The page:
The ability to dress ourselves in the morning is something most of us take for granted. For people coping with multiple sclerosis, arthritis, amputations, and other physical impairments, however, wrangling a series of zippers, buttons, and snaps can be a trying experience. With Xeni, Ann Oliver, a former architect with MS, has designed a line of clothing that addresses some of the shortfalls of conventional garments. Magnets are used as self-propelled fastenings in coats and jackets, for instance, to help women who have trouble manipulating standard closures. Unlike existing adaptive clothing, it also considers the aesthetics of each piece.
ADAPTING WITH STYLE
Oliver’s MS diagnosis in 1990 soon made it impossible for her to stay at her London practice. Besides requiring a wheelchair to get around, she also lost mobility in her hands. “I now find catches on jewelry, as well as buttons and zips on clothing a problem to manipulate,” she writes on her website. Oliver recognized that her problem wasn’t unique. “Many other people in the world are in the same position,” she says, “and many as they age will confront the same problems.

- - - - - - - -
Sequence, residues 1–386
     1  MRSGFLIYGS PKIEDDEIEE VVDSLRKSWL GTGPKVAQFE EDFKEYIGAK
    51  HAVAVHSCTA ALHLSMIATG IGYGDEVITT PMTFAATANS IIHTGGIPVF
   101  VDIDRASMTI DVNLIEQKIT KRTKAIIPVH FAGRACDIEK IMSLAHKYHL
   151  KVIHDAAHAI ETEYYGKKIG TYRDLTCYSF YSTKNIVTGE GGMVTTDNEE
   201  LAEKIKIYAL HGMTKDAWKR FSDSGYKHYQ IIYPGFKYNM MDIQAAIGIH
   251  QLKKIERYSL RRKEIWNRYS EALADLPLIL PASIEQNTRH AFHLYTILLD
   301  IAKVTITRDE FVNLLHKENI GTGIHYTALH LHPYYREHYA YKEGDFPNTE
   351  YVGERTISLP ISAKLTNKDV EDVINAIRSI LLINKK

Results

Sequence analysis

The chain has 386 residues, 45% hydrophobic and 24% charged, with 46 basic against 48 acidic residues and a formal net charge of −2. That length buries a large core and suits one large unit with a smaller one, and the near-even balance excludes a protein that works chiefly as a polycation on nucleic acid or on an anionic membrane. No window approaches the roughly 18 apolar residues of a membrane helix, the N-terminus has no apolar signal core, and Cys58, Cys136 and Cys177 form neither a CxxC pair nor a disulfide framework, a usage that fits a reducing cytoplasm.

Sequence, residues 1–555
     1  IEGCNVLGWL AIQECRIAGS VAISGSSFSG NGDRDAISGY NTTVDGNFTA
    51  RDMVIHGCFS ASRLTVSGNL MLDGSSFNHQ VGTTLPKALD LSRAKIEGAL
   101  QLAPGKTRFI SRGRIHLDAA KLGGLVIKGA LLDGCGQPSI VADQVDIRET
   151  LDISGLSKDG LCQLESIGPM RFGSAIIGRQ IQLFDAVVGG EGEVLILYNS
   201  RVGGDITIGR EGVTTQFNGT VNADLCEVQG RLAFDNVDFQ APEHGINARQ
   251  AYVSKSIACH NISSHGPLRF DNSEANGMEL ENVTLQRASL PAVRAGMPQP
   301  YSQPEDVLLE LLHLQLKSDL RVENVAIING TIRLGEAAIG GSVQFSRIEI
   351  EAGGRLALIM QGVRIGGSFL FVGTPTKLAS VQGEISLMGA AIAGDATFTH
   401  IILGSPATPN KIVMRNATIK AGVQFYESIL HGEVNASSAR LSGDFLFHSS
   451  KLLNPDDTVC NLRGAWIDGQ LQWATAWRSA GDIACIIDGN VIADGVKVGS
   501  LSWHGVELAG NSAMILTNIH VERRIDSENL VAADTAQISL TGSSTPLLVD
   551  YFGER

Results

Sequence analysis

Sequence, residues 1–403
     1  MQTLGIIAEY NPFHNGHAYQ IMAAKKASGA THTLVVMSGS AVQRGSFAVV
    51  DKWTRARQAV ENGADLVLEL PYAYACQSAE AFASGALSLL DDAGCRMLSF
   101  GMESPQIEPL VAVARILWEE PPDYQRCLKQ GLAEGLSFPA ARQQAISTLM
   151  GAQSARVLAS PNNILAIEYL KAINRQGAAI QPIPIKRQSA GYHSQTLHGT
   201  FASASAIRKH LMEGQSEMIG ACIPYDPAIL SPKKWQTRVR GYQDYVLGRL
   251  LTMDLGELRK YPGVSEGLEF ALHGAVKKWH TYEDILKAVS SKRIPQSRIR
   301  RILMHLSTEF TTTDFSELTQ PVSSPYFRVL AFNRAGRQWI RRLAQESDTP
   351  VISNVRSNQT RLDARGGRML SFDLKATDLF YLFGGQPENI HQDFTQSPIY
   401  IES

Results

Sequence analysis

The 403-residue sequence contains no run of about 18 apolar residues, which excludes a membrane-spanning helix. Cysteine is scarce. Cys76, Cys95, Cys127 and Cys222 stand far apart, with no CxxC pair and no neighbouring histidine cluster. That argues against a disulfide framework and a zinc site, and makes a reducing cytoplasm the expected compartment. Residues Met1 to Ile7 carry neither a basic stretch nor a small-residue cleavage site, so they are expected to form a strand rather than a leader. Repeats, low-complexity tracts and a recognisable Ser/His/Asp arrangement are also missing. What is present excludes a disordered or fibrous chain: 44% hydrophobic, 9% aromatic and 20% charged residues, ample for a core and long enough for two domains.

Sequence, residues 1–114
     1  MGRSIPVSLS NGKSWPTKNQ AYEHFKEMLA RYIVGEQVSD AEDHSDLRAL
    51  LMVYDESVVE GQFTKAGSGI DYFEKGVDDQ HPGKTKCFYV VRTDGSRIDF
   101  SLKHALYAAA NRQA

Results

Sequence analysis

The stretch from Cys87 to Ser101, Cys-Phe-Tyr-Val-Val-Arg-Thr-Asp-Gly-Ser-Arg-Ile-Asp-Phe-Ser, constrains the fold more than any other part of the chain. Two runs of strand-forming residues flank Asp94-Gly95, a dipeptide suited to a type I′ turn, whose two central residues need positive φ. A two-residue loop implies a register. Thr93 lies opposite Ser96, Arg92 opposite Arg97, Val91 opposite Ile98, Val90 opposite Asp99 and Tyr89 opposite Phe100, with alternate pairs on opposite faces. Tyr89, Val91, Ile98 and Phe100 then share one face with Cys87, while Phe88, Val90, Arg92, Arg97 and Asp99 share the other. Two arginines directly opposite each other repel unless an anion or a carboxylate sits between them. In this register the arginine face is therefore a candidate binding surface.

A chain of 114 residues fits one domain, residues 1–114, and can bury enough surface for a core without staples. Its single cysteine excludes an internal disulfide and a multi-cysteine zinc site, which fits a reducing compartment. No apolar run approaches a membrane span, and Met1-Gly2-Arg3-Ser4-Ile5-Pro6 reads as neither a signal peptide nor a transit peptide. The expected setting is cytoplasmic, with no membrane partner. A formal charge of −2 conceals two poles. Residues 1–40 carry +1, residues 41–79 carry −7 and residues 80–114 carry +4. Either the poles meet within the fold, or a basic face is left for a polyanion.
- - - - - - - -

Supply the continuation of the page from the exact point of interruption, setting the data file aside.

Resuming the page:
Oliver has designed tunics and trousers that elongate the seated figure while considering prosthetic limbs and medical accoutrements.
After taking a course at Central Saint Martins in 2010, Oliver began work on her label, which she now manufactures in London using experienced tailors. In addition to magnetic fastenings, Xeni offers dresses, tunics, jackets, and coats with detachable seats for women in wheelchairs to put on without assistance. Oliver also designed tunics and trousers that elongate the body of the seated figure while accommodating prosthetic limbs and medical accoutrements. For older women or those with wider girths, her pieces also draw attention away from the arms to the head, neck, and shoulders.
In the future, Oliver plans to create bags that stay on the lap and allow easy access to its contents, particularly items like cellphones and keys. “I want to engage with my customers to design fashionable garments that provide solutions for as yet unrecognized requirements,” she says.